Previous studies have shown improvements in life expectancy for patients with CML increasing over time, thanks to evolving treatment strategies. A 2002 study reported that “Interferon-α (IFN-α) has significantly prolonged survival in CML, but some patients do not respond and many responses are not durable.”2

Results improved by combining interferon with low-dose arabinosyl cytosine or cytarabine.


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The greatest improvements, however, came after the development of TKIs. The FDA approved the first, imatinib mesylate (marketed as Gleevac or Glivec), in 2001. This discovery and use in the treatment of CML earned 3 of the men behind it the Lasker-DeBakey Clinical Medical Research Award in 2009.

One of the researchers, Dr Brian J. Druker, of the Oregon Health and Science University in Portland, reported in a follow-up study 5 years after the approval of imatinib that “the 5-year estimated overall survival rate for patients who received imatinib as initial therapy (89%) is higher than that reported in any previously published prospective study of the treatment of CML.”3

Since this drug’s approval, researchers have discovered other kinase inhibitors, such as dasatinib and nilotinib, which “showed high response rates in patients who had had a relapse during imatinib therapy,” Druker reported.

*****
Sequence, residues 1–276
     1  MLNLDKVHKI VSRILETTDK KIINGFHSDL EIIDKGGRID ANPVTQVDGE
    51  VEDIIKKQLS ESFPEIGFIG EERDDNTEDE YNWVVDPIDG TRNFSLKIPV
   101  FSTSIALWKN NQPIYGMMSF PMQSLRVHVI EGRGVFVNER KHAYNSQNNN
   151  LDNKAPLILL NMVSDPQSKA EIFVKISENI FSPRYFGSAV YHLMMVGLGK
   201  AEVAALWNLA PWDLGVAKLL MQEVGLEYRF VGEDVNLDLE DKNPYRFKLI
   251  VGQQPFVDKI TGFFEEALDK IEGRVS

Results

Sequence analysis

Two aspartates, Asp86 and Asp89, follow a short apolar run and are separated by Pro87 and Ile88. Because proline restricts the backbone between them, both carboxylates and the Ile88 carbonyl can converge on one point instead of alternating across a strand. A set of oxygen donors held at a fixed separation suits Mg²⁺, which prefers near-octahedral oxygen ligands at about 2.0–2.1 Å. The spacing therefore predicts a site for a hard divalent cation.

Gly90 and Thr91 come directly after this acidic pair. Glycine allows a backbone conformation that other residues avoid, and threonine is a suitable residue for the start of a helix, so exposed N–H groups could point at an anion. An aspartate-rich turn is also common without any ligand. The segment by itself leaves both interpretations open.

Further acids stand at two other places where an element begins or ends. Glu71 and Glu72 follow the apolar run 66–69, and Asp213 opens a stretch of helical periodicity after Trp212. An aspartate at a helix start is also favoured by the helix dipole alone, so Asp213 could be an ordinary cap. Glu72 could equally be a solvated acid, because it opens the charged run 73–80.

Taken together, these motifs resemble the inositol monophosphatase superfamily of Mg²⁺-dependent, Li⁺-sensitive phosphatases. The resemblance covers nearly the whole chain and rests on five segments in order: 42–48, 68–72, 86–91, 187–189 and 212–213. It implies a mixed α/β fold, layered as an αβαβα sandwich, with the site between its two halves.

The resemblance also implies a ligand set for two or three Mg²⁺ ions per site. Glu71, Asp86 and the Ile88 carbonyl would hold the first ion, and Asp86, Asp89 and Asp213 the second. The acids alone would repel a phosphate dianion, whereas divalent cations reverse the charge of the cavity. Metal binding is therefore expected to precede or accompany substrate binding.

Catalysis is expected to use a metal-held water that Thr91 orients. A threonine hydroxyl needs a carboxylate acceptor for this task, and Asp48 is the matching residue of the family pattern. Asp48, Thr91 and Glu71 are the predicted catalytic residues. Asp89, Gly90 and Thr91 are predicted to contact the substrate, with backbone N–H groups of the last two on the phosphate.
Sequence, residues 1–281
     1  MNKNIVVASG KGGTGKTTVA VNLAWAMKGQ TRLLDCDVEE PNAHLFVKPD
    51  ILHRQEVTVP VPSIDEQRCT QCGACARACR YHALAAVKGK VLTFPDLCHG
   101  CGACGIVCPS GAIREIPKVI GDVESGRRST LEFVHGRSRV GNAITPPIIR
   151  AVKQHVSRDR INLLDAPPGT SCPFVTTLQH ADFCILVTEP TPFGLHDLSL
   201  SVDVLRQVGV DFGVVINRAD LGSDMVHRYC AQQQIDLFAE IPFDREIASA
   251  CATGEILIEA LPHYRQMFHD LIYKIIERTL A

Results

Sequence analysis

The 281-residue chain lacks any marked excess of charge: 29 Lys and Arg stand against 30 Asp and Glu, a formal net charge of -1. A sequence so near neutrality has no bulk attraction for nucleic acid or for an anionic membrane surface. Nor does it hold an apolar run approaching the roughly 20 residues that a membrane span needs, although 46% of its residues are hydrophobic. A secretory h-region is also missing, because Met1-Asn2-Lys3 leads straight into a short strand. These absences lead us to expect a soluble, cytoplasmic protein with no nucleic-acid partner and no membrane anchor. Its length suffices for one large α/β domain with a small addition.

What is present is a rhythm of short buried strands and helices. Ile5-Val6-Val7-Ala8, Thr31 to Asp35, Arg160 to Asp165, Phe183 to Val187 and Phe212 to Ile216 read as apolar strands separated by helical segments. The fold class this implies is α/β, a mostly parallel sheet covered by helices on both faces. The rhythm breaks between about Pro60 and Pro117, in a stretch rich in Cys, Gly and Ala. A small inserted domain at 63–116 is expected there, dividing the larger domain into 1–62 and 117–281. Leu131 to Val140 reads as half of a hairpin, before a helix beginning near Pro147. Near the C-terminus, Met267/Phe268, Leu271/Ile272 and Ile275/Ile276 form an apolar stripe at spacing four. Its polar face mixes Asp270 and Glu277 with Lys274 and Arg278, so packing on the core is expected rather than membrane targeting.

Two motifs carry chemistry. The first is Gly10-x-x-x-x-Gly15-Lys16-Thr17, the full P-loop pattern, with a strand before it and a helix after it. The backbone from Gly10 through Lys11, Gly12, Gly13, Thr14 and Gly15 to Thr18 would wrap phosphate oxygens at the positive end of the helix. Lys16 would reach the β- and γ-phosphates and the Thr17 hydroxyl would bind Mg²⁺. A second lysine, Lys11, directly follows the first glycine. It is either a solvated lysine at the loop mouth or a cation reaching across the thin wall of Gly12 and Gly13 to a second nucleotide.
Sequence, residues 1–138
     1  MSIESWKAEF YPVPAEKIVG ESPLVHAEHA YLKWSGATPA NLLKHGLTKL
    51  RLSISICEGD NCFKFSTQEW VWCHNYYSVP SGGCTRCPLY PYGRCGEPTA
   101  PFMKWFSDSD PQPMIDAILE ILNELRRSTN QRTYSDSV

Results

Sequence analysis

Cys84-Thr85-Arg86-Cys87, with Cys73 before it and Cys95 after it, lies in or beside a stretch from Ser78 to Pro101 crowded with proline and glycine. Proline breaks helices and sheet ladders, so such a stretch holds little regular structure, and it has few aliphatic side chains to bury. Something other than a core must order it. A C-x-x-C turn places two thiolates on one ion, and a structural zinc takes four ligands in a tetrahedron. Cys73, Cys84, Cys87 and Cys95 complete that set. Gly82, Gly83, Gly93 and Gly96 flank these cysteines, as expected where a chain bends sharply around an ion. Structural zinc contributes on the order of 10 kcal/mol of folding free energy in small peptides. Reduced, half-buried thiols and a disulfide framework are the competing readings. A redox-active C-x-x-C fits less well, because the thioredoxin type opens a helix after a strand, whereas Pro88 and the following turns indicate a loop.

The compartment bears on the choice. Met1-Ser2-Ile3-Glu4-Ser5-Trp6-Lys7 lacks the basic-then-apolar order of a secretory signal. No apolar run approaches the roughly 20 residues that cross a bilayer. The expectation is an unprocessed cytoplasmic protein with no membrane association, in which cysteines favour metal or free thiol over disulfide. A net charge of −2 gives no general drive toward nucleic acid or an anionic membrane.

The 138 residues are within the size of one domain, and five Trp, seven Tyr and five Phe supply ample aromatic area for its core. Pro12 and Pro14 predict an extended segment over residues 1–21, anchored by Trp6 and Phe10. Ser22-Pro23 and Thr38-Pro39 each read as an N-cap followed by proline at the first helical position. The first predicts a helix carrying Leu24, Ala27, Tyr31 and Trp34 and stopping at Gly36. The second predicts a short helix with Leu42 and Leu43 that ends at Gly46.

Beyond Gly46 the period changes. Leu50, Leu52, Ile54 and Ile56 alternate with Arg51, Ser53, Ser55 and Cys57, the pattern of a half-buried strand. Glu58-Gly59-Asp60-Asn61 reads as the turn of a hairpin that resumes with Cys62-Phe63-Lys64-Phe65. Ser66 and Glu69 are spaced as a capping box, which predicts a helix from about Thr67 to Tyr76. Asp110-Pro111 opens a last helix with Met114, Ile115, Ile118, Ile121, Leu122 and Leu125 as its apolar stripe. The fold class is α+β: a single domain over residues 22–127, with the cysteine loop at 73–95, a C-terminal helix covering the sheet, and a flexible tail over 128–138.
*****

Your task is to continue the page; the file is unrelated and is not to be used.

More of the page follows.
According to the American Cancer Society, “in large part due to the discovery of targeted drugs, the 5-year survival rate for CML has doubled over the past two decades, from 31% in the early 1990s to 63% for patients diagnosed from 2005 to 2011.”4

The increase in life expectancy, however, comes at a price, Dr Bower and her co-authors conclude: “notwithstanding that a small subgroup of patients with an excellent response to treatment have been able to stop taking TKI agents,” they wrote, “most patients with CML will take the drug for life, which along with the increasing prevalence of CML, has high cost implications.”

They said, however, in an e-mail to Cancer Therapy Advisor that “as time progresses we will get more refined information about which patients can stop treatments for varying periods of time without jeopardizing their overall outcome, which will reduce the amount of medication, and thus the costs.”

References

  1. Bower M, Bjorkholm M, Dickman PW, Hoglund M, Lambert PC, Andersson TM. Life expectancy of patients with chronic myeloid leukemia approaches the life expectancy of the general population. J Clin Oncol. 20 Jun 2016. doi: 10.1200/JCO.2015.66.2866 [Epub ahead of print]
  2. Baccarani M, Rosti G, de Vivo A, et al. A randomized study of interferon-alpha versus interferon-alpha and low-dose arabinosyl cytosine in chronic myeloid leukemia. Blood. 2002 Mar 1;99(5):1527-35.
  3. Druker BJ, Guilhot F, O’Brien SG, et al. Five-year follow-up of patients receiving imatinib for chronic myeloid leukemia. N Engl J Med. 2006 Dec 7;355(23):2408-17.
  4. Cancer Facts & Figures 2016. American Cancer Society. http://www.cancer.org/acs/groups/content/@research/ documents/document/acspc-047079.pdf Updated 2016.